The traditional split in the distribution in power is that directors run the company, and shareholders own it. Directors make important decisions about the constitution and the strategy of the company, and often require shareholder approval for certain decisions. English companies are part of society, and as soon as they lose sight of that they run into trouble. The shareholders are an important part of the power mechanism, as has been graphically demonstrated by recent events.
The longest piece of legislation for us is in fact the Companies Act , which establishes the precise governance of the English company. An ordinary resolution of the members (or of a class of members) of a company means a resolution that is passed by a simple majority. and a special resolution of the members (or of a class of members) of a company means a resolution passed by a majority of not less than 75%.
All is not lost then if the shareholders wish to exert influence over the running of the English company. For example, a company may by ordinary resolution at a meeting remove a director before the expiration of his period of office, notwithstanding anything in any agreement between it and him. In July 2011, activist investors have been successful in their attempt to remove two directors at Aim-listed Aurora Russia, in a rare example of shareholder activism forcing change at a listed private equity firm. Aurora Russia, which trades on London’s AIM and focuses on investing in the Russian market, has confirmed that Dan Koch and Alexandr Dumnov have resigned as directors of the company in a move aimed at improving the company’s corporate governance. The men were widely considered to be too close to the Aurora’s founders and managers John McRoberts and James Cook to be deemed independent, according to two people familiar with the situation. Aurora declined to comment further. The departure of the two men from Aurora’s board was reported as being one of several demands being made by two of the company’s largest shareholders; Timothy Slesinger and Peregrine Moncreiffe together hold around 20% of Aurora’s shares either directly or through the management of investment funds.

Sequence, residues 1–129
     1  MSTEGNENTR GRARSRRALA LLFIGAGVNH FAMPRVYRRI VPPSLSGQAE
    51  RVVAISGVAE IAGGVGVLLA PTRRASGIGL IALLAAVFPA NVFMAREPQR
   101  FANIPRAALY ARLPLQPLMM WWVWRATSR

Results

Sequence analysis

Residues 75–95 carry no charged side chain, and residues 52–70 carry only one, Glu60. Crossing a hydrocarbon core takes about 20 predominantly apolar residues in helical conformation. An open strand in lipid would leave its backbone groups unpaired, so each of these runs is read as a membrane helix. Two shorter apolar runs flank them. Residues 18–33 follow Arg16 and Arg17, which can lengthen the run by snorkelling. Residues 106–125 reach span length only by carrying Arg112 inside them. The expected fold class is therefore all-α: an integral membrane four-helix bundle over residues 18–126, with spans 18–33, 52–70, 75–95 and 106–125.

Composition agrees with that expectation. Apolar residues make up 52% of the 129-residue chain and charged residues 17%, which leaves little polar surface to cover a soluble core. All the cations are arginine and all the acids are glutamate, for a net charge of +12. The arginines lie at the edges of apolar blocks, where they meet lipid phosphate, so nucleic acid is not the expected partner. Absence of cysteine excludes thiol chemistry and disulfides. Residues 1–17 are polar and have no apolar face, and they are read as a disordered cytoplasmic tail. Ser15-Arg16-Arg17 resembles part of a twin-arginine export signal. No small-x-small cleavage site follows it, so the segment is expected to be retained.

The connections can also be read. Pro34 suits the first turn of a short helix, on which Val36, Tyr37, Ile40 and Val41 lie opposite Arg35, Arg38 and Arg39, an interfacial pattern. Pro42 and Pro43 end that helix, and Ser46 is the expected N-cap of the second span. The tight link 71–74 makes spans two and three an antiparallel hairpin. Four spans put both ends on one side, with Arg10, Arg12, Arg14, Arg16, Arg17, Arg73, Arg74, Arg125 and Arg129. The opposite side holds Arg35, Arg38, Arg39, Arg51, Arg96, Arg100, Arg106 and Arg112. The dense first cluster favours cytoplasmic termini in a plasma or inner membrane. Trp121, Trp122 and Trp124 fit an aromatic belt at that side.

Pay is another target of ‘shareholder activism’. Public companies are required to prepare a directors’ remuneration report and put the resolution on the report to a shareholders vote. The vote to be held will be an ordinary resolution to approve the remuneration report and gives the shareholders the opportunity to consider the company’s remuneration policies and the remuneration paid to directors in the previous financial year. The shareholders vote is only advisory and no aspect of an individual director’s entitlements under a service contract is conditional on approval by the shareholders.